On the economic front, the second-quarter GDP releases confirmed the economic slowdown in Europe, when compared to the prior quarter.
At country level, the detail showed that Germany is now on the verge of a recession, as its economy contracted in the second quarter, while the Bundesbank expects the downturn in orders for cars and industrial equipment to continue in the third quarter. This economic slowdown has fuelled stimulus hopes and the German finance minister has left the door open to a possible fiscal package if the situation deteriorates further.
Overall though, the latest release for the eurozone indicated that growth stabilised in August, which suggests that Europe’s economy is slowing but not quite yet approaching a recession, with the service sector continuing to grow.
Nevertheless, it’s not a time for complacency. The recent political shifts in Italy remind investors of the regular political volatility experienced in Europe but borrowing costs remain low, helped by the fact that the European Central Bank (ECB) is expected to unveil new stimulus measures in September. On top of the measures already announced,
the ECB is expected to further lower interest rates and could restart quantitative easing.
China labelled a currency manipulator
All eyes have been on China since the beginning of the year and the country has taken several measures to counterbalance the effects of the trade war on its economy. However, even though Chinese authorities have this time delivered both fiscal and monetary stimulus, the results have so far been mixed as July data, including retail sales, came in short of expectations.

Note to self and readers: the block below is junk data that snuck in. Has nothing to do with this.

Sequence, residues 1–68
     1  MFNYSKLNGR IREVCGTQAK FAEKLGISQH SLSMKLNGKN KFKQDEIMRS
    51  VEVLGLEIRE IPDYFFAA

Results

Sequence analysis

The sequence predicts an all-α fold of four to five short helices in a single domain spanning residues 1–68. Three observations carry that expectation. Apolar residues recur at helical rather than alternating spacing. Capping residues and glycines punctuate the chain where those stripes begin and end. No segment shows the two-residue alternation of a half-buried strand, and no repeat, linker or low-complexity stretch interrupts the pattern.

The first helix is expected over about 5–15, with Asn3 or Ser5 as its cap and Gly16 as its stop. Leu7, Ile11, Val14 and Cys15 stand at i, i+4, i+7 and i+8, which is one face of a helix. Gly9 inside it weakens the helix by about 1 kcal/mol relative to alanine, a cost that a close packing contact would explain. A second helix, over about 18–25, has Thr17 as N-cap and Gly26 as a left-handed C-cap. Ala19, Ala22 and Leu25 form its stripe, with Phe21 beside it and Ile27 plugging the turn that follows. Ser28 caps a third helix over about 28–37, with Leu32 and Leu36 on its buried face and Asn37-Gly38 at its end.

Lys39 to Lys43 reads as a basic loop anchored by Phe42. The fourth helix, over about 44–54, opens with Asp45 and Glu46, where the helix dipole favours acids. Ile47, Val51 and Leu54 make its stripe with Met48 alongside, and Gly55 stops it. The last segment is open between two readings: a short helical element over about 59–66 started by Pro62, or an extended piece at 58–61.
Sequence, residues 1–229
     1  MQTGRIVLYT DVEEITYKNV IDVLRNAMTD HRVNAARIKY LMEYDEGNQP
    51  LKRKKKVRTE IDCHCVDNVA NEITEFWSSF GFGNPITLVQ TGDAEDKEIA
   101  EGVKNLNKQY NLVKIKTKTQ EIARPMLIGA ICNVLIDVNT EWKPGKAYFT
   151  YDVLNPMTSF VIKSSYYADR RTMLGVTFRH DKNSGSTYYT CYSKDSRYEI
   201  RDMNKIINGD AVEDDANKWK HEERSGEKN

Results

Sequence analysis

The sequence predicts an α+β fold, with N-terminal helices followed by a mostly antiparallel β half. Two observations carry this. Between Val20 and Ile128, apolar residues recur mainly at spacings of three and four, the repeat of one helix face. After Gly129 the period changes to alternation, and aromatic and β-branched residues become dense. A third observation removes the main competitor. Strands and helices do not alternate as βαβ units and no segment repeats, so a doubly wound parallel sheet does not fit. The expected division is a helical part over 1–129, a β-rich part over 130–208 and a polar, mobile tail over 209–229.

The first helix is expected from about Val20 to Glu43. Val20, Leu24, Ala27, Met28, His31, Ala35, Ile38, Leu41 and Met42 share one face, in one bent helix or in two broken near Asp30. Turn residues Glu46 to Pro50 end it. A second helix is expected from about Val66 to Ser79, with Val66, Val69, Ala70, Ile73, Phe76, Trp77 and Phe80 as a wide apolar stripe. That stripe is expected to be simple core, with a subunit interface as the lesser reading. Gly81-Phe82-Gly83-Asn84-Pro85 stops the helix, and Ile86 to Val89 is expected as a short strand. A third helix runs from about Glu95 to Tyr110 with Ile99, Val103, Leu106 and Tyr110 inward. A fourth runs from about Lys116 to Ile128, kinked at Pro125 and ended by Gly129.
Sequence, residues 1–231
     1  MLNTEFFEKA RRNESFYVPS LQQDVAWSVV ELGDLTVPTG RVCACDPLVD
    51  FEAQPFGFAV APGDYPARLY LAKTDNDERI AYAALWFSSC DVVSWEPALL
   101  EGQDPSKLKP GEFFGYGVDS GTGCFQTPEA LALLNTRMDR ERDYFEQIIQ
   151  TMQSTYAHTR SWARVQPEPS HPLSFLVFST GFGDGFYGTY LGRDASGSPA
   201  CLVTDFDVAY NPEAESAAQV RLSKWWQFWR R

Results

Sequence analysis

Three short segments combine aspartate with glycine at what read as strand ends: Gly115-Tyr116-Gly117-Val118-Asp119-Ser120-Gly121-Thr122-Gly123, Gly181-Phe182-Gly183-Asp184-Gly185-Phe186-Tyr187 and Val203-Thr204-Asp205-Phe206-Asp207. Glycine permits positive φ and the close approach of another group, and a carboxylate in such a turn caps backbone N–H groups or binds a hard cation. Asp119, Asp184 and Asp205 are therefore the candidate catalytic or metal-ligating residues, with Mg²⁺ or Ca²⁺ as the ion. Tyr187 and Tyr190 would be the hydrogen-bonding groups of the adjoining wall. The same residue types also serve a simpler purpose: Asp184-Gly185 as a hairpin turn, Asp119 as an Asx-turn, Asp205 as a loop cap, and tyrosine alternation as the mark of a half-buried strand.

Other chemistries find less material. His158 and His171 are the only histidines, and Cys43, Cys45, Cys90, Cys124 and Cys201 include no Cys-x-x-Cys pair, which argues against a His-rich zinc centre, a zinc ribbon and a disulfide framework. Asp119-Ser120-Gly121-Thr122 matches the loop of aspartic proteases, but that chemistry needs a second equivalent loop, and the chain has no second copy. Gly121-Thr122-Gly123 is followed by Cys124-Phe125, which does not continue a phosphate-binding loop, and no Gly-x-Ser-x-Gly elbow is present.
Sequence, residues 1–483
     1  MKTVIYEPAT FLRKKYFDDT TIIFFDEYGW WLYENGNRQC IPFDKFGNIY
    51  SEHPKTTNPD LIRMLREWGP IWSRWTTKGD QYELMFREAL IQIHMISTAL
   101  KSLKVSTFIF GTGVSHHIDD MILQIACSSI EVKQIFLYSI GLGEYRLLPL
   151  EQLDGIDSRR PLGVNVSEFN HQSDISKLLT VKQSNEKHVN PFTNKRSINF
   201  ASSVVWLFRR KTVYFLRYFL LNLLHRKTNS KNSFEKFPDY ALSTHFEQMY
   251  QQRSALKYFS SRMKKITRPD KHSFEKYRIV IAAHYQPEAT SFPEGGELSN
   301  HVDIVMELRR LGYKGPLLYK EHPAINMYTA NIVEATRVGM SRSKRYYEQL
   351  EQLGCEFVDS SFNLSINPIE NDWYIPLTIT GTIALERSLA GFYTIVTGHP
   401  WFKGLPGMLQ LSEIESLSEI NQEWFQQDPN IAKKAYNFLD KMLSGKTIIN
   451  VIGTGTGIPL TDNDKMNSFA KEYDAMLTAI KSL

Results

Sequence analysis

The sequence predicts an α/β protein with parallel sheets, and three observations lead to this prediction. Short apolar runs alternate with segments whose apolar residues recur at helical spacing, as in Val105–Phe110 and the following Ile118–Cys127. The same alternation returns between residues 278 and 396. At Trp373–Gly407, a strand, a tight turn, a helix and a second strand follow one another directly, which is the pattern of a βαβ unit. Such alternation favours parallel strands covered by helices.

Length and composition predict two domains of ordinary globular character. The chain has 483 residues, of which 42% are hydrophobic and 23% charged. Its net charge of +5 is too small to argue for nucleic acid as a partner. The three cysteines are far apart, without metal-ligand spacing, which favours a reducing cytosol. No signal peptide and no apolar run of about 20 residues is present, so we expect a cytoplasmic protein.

In this context and without the prospect of a trade deal in the near term, the Chinese authorities were obliged to take additional stimulus measures in August. The People’s Bank of China announced a lending rate reform to lower financing costs and let the renminbi break the psychological barrier of seven versus the US dollar. The currency move triggered official condemnation by the US, which labelled China a currency manipulator.
Elsewhere in emerging markets, Argentina experienced major difficulties in August with the peso weakening 26% vs the dollar and the Merval equity index dropping over 40% after the national primary election results showed that the current government could lose power in October.
In the coming months, new monetary and fiscal stimulus should support the global economy but these measures may not be able to fully offset the negative effects of the trade war and hence the economic slowdown could continue. We continue to think that these downside risks warrant an element of caution while maintaining portfolio agility in order to take advantage of upside opportunities as they present themselves.